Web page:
Yeah, though the Google earth images WOM linked show no fence between the two sides of the road.

    I've been to the bit of the Boundary Waters where the border runs through a few lakes and along a portage. They don't mind anyone canoeing or walking across the border as long as you don't camp on the side you didn't start on. If you do want to do that, there's a process to get a remote border crossing permit. Still, I think it could be a fun way to smuggle relatively cheap prescription drugs across. The chances of seeing a ranger or any kind of law enforcement out there is very small.

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  • Hot Pepsi
    replied
    Before I got to "Hobby Lobby," I thought there'd be a good Indiana Jones joke there, but alas. It's just awful. Apparently a lot of their collection of Bible stuff was acquired through less-than-admirable methods, which would be expected from somebody with their understanding of the Bible.

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  • ursus arctos
    replied
    [URL="https://twitter.com/ebruenig/status/1184565560379662337?s=21"]https://twitter.com/ebruenig/status/1184565560379662337[/URL]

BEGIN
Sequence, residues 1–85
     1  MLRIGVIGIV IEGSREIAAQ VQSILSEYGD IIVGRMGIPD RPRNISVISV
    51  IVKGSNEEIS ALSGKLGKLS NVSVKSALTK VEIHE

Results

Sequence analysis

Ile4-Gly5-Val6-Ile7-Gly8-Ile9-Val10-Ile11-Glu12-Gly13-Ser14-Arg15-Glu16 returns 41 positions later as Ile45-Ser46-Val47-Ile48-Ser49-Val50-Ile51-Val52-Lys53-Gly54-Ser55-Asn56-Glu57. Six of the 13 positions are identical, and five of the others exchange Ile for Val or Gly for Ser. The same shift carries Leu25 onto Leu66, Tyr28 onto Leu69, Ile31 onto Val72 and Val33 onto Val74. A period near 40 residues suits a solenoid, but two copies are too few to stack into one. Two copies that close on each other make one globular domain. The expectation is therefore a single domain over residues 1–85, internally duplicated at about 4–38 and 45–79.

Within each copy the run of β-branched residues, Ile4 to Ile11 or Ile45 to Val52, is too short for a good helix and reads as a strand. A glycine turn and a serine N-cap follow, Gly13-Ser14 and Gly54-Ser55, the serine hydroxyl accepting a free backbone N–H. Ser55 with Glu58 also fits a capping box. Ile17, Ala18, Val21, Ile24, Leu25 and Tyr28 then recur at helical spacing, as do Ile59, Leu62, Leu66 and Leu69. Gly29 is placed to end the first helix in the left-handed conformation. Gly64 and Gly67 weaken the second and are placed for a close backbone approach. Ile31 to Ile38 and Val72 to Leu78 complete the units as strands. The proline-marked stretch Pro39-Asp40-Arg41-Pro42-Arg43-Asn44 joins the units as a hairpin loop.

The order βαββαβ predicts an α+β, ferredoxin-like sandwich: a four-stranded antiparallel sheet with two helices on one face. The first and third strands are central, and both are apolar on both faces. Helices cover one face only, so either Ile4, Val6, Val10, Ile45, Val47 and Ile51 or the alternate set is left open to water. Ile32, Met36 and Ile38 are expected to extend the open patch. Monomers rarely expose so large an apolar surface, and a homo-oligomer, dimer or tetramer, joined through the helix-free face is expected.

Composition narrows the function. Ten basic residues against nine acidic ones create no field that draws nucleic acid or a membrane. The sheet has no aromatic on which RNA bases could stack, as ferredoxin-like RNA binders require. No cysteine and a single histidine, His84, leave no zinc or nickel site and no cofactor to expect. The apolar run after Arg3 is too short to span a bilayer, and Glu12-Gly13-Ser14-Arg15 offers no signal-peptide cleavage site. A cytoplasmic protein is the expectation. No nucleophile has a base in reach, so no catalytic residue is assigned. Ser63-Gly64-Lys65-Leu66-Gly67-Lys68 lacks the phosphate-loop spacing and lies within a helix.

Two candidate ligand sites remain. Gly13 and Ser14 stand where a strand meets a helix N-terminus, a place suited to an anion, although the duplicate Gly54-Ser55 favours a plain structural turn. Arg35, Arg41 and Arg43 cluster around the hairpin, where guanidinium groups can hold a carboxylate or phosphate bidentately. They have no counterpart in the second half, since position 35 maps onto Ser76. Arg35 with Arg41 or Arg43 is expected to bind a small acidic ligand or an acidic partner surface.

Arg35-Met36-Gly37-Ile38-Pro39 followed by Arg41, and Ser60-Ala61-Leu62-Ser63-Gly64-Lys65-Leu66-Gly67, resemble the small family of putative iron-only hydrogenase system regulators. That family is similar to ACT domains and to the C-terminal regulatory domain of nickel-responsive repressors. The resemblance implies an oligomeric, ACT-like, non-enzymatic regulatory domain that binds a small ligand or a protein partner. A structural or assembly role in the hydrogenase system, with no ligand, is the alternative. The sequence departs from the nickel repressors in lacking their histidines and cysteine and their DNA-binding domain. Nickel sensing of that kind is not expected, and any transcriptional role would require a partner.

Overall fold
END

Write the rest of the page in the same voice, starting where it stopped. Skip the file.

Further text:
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  • Flynnie
    replied
    I have a geeky fascination with borders and I smelt a rat in the Connors family story right away. It's just impossible to swerve onto a country road in BC and end up in...another country. There's literally no road in western BC that does that. Everything has a customs post attached to it.

    Even taking it to a logical extreme, a mountain of dead deer or moose blocking both sides of a road, at worst you would be crawling slowly over a ditch onto the US side and then reentering Canada in the space of a few seconds. CBP and the Washington state police aren't going to be able to do anything about that.

    The 16K in cash, the visa denials, and the arrest just a few hundred yards from a customs post (so they had to know they were crossing the border) just highlight that. Oh, and Canada refused to readmit them. Shady.

    Leave a comment:


  • Nocturnal Submission
    replied
    Originally posted by WOM View Post
    Should you be interested, my wife had me read Seven Fallen Feathers by Tanya Talaga, about the deaths of 7 native kids in Thunder Bay where they were attending school. It sort of sums up Canada's 'Indian problem' in one short, gripping read.
    Cheers, noted.

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  • WOM
    replied
    Originally posted by Nocturnal Submission View Post